Moonlight (2016) is a English movie. Barry Jenkins has directed this movie. Mahershala Ali,Naomie Harris,Trevante Rhodes,Alex R. Hibbert are the starring of this movie. It was released in 2016. Moonlight (2016) is considered one of the best Drama movie in India and around the world.
Three time periods - young adolescence, mid-teen and young adult - in the life of black-American Chiron is presented. When a child, Chiron lives with his single, crack addict mother Paula in a crime ridden neighborhood in Miami. Chiron is a shy, withdrawn child largely due to his small size and being neglected by his mother, who is more concerned about getting her fixes and satisfying her carnal needs than taking care of him. Because of these issues, Chiron is bullied, the slurs hurled at him which he doesn't understand beyond knowing that they are meant to be hurtful. Besides his same aged Cuban-American friend Kevin, Chiron is given what little guidance he has in life from a neighborhood drug dealer named Juan, who can see that he is neglected, and Juan's caring girlfriend Teresa, whose home acts as a sanctuary away from the bullies and away from Paula's abuse. With this childhood as a foundation, Chiron may have a predetermined path in life, one that will only be magnified in terms...
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Moonlight is one of the most beautiful and heart-wrenching films that I have ever seen. Many users are expressing disdain or presumed it to be dull. Yet, to see it as such misses the whole point of the film. Moonlight wasn't intended to overtly wow us or give us knowledge about something we didn't already know. Rather the film allowed us to enter and follow a life that I'm sure many have never considered living. Yes, we know some about poverty, queerness, masculinity, and Blackness individually, but to see the conflict of it all so succinctly woven together allowed the complexity of some folks lives to be seen in an unadulterated way. Moonlight wasn't supposed to give us some grandiose finale or even answers, but simply present a narrative that we often don't see. And that's what makes it so simple, painful, yet outstandingly beautiful. It's also important to remember that just because you don't understand something, that doesn't mean it is unimportant or invalid. Just because you can't relate to the entire story doesn't mean pieces of it can't teach you something about life. Just because the narrative is one that isn't widely told, doesn't mean it should be disregarded. If you don't understand this film or find it a waste, look deep inside yourself and ask why. 10/10 would recommend.
When a film comes out and you know next to nothing about it with a director you don't know and a cast of mostly unknowns and it blows you away like it did me. Then I know I'm confronted by something unique. In fact it was director/writer Martin Donovan who wrote about Moonlight, urging all his actors to run and see it. Thank you sir. The faces of those three young men who are just one did something to my brain and to my heart. The best group of actors I've seen in one single film in a long, long time. The big surprise is that we knew it all along. It's all about love and what it means to be a man. Thank you Barry Jenkisns A revolutionary film made of truth and beauty.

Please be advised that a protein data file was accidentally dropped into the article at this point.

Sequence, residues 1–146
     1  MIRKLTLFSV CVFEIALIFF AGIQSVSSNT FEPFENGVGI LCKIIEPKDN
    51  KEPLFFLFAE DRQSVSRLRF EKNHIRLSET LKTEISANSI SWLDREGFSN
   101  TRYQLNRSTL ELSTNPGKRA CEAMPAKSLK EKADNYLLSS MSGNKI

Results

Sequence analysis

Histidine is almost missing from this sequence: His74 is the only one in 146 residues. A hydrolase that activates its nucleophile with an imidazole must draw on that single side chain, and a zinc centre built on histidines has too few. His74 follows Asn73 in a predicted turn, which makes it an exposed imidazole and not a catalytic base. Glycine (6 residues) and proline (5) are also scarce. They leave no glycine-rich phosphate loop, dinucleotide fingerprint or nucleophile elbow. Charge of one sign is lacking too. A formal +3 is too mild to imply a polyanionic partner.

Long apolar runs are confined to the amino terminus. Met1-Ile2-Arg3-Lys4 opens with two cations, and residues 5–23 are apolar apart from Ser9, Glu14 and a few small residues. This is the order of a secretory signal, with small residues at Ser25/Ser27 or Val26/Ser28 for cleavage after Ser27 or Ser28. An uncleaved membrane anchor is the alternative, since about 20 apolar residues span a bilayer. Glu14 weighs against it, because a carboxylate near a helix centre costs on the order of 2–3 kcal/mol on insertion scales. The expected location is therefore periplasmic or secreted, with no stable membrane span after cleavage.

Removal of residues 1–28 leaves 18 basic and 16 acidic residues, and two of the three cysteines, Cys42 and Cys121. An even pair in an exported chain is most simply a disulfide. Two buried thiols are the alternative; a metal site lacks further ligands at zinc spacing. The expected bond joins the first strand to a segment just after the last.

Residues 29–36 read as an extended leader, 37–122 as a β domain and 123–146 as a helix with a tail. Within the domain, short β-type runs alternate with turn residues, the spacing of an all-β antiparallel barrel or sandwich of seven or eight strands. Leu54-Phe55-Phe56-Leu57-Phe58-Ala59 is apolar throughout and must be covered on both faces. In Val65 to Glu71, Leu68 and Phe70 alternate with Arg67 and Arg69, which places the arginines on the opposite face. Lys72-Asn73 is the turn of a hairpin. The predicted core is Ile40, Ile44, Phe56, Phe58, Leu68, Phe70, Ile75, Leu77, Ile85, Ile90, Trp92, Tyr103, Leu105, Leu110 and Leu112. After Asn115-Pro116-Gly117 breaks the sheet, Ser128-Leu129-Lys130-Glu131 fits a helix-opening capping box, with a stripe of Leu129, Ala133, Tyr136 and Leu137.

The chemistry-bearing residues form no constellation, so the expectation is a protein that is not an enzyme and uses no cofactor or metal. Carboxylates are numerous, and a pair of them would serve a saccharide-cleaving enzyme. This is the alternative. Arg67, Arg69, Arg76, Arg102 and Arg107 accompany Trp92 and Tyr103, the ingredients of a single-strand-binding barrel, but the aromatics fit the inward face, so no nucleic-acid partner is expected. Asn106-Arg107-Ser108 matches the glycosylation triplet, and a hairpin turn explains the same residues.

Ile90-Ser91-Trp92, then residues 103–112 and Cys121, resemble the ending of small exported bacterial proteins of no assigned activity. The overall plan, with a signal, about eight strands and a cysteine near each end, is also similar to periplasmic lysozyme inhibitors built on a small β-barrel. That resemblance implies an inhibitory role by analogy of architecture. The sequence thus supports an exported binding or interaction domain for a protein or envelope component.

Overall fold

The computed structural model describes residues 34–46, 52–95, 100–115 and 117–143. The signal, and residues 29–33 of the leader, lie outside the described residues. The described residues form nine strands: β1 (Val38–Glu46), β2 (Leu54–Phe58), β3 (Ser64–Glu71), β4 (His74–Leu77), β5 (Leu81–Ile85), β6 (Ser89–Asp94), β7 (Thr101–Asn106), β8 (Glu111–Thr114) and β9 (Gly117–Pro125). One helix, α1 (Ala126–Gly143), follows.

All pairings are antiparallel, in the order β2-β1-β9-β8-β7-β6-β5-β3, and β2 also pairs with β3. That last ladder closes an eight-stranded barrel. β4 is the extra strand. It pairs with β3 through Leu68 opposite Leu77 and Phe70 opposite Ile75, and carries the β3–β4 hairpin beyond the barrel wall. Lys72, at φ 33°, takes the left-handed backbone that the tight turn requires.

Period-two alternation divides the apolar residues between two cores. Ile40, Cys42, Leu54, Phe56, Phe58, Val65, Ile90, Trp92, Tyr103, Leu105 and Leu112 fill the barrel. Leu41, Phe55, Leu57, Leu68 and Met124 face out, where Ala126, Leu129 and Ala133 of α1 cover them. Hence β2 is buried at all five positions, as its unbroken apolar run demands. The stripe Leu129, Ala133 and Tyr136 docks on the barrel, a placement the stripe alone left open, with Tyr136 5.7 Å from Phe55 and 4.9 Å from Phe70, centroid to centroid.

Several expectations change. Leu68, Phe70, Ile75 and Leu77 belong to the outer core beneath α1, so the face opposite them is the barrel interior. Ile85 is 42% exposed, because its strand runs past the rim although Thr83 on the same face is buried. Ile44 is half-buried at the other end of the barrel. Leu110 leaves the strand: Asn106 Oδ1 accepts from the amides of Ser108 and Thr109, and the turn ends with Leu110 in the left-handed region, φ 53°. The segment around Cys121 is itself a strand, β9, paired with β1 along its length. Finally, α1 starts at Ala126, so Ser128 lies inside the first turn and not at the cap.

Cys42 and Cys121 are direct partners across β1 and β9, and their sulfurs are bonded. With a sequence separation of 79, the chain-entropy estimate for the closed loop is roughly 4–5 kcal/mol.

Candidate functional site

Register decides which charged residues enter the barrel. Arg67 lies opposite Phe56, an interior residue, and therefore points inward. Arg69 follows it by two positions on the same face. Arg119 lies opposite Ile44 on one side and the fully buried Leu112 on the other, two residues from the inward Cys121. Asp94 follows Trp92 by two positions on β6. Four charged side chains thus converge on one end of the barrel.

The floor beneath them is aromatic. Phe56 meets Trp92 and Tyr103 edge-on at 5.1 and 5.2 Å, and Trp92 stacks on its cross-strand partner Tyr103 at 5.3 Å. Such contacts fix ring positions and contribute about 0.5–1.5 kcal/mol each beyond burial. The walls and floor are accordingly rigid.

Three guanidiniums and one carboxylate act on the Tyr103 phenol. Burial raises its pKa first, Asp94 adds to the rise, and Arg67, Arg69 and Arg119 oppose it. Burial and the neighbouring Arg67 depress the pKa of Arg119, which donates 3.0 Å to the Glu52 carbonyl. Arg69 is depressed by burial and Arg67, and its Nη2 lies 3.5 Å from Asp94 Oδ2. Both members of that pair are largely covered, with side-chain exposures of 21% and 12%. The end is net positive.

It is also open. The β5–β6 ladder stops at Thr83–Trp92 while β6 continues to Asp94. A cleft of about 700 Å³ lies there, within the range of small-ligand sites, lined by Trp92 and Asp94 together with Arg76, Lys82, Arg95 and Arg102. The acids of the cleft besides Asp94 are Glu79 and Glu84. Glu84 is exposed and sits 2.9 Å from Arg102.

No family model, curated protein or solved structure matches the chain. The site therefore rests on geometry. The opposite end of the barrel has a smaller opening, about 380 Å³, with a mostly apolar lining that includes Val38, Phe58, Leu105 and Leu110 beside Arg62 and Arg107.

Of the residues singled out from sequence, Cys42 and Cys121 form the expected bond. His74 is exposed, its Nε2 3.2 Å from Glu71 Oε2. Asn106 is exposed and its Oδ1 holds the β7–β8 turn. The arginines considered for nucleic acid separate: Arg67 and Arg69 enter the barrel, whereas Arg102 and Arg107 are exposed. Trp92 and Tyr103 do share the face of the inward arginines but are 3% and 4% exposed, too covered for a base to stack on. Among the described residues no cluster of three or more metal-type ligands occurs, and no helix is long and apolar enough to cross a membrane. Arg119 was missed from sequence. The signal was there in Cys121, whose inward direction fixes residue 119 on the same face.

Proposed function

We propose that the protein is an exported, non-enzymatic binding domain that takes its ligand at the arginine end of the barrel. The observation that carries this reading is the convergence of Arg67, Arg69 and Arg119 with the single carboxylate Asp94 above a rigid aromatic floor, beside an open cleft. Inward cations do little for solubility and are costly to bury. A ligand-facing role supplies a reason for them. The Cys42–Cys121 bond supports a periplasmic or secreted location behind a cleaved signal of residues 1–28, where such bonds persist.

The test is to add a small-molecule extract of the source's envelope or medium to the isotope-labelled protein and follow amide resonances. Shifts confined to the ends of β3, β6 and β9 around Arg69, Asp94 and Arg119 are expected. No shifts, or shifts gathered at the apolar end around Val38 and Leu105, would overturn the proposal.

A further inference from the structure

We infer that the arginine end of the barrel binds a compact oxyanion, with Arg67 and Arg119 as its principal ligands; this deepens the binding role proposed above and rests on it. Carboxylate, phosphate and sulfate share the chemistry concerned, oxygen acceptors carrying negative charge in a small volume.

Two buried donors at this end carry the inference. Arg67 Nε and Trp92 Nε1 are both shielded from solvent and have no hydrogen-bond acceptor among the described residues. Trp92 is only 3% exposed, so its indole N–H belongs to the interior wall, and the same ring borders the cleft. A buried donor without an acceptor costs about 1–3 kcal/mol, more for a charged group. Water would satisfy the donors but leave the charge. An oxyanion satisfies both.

With all the controversy back in 2016 over the #Oscarssowhite shambles, it seems that in 2017 the Academy has made a conscious effort to include as much diversity into the show as they possibly can. Unfortunately, the downside of that is that films like 'Moonlight', which are in reality very average, get recognition they don't deserve and people are fooled into thinking they are better than they actually are. 'Moonlight' is a simple film, in fact it's far too simple. There is almost nothing thought-provoking or interesting that happens for the entire 110 minute run time. Yet somehow it's up for a plethora of awards. Go figure. Mahershala Ali and Naomie Harris have each been nominated for Academy Awards in their respective Supporting categories. Ali is quite brilliant, in fact he's the highlight of the film. He's in nearly the entire first third of the film and I was starting to wonder how this was considered a "Supporting" role, yet he soon drops away. I wish he had been in it for longer though, because he was quite superb. Harris was also quite good in her role. She has a more spread out performance in the film, reoccurring in each chapter. I wouldn't say she blew me away, but she was certainly solid in her role. I will predict Ali to win his category, and Harris to miss out. 'Moonlight' is one of those films that just kind of drifts along until the credits role. The question I kept asking myself as I watched it was, what is meant to be so extraordinary about these characters? What part of this story justifies making a film out of it? To me it appears that some impressive acting and some false award nominations have tricked people into thinking this film is better than it is. Very disappointing.